How will you feel if you are told that your job is to code or build or maintain and support the best way you can, you get all the help you need, you know what product you are creating or contributing to, and you have complete freedom to make recommendations, and changes are made as per them. In return only thing that is asked from you is to stay committed to the product you are aligned to. Will you give your 100% and try to create best possible product with your team?
This is most NATURAL expectation that every IT professional has, irrespective of his role as a developer, tester or system admin. Things get little complicated when you mix hierarchy, processes, audits, employee ranking, employee appraisal, team management, motivation by competition and then one more factor that creeps in with all this – dirty politics. All this demotivates employees and creates a massive incoherence in the entire organization. Everyone is burning themselves to 100% of their capability, yet results are disastrous. Customer is unhappy and company is in loss. Nothing seems to work.
In 2001, many such factors motivated thought leaders from all over the world to come and propose Agile Manifesto. Most of these leaders were developers at core, who had experienced what it takes to make and what can possibly break. They were the soldiers at war front, the peasants who make food for entire nation, the backbone of their organizations. They were the actual DOERS. They proposed a manifesto that was based on their understanding of needs of DOERS and TAKERS (Customers) –
- Let DOERS understand what TAKERS need. Do not let Process and Tools, which are supposed to help them, become impede them.
- Let TAKERS see for themselves what has been done, instead of making them rely on intangible information.
- Enroll TAKERS in creation process, so that they have complete idea of what will be created. This also enables futuristic thinking for them. For DOERS, it makes them more realistic in making commitment on their side. And hence no one feels cheated, and most practical and achievable plans are made.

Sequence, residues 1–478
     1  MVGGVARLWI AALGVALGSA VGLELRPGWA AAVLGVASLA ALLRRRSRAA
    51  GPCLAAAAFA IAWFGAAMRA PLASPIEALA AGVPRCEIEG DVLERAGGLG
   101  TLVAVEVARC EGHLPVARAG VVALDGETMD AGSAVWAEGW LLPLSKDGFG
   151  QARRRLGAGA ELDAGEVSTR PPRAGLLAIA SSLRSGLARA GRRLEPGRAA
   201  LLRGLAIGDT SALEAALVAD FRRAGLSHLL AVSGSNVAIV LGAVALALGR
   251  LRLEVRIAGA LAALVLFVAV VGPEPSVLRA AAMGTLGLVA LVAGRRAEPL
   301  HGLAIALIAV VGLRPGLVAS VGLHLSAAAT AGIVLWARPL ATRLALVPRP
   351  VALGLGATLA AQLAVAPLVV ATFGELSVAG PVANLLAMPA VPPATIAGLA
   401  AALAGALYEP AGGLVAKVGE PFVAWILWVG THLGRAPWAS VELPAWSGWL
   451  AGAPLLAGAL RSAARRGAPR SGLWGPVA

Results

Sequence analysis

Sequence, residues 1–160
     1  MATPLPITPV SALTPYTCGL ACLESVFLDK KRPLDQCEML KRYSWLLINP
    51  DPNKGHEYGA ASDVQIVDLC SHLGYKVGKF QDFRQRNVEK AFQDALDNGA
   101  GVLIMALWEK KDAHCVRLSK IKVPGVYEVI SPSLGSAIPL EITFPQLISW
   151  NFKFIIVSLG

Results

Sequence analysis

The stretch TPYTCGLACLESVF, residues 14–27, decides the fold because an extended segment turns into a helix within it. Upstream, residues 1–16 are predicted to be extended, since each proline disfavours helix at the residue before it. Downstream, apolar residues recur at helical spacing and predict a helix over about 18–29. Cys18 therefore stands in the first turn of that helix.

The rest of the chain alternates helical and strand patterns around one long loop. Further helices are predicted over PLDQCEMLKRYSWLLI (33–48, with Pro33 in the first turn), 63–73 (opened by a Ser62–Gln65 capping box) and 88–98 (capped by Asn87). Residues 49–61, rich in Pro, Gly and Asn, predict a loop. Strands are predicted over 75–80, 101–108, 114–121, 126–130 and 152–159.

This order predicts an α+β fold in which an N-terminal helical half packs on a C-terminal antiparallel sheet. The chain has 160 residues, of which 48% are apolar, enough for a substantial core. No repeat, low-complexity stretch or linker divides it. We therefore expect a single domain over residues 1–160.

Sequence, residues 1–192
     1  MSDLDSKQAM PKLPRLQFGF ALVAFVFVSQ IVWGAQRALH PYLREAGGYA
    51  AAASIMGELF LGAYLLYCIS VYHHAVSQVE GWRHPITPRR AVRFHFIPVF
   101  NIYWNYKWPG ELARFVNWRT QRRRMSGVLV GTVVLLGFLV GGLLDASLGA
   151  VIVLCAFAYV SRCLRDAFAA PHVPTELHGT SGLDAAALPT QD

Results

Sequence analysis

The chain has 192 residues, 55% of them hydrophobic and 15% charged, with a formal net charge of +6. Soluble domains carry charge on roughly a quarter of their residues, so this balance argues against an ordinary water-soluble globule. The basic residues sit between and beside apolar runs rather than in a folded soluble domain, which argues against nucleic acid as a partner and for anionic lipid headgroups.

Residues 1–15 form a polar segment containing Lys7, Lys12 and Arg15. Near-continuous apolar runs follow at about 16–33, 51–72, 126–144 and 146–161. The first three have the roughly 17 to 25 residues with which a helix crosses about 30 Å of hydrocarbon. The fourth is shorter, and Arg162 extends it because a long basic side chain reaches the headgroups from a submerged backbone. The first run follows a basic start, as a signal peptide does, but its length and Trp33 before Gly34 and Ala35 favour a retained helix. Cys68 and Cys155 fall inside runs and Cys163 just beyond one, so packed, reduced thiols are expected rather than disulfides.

- And last and most important – Change is inevitable. If both DOERS and TAKERS as already enrolled for one mission, they both are change ready. Their plans evolve with changing time and needs, and hence create what can serve and not just sit there as Humbug.
Point to be noted here is that this manifesto majorly talked about DOERS, their NEEDS and their ENROLLMENT with TAKERS. It did not talk about organizational hierarchies, practices, Employee assessment, control and utilization. This manifesto only focused on how best product can be created. And the way chosen was one that came naturally. Give DOERS freedom to do their best, and you will get what you are looking for. This natural approach, this instinctive science of product development is called AGILE.
By default we all are Agile virgins. We love freedom, we love to create. We are self-motivated, our motivation comes from within. Our motivation gets killed by various surrounding factors, various prevailing Organizational hypocrisies and over the years the circle completed itself and called for its Agile environment to restore the internal motivation without which its a dead world.